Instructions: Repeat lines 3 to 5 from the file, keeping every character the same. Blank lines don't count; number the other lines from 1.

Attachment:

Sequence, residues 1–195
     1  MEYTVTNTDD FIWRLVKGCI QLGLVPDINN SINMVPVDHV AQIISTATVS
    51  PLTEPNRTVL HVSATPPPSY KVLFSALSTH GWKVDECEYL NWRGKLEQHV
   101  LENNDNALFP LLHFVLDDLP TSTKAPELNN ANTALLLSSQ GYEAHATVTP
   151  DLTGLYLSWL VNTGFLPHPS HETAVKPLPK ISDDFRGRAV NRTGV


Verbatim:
    51  PLTEPNRTVL HVSATPPPSY KVLFSALSTH GWKVDECEYL NWRGKLEQHV
   101  LENNDNALFP LLHFVLDDLP TSTKAPELNN ANTALLLSSQ GYEAHATVTP
   151  DLTGLYLSWL VNTGFLPHPS HETAVKPLPK ISDDFRGRAV NRTGV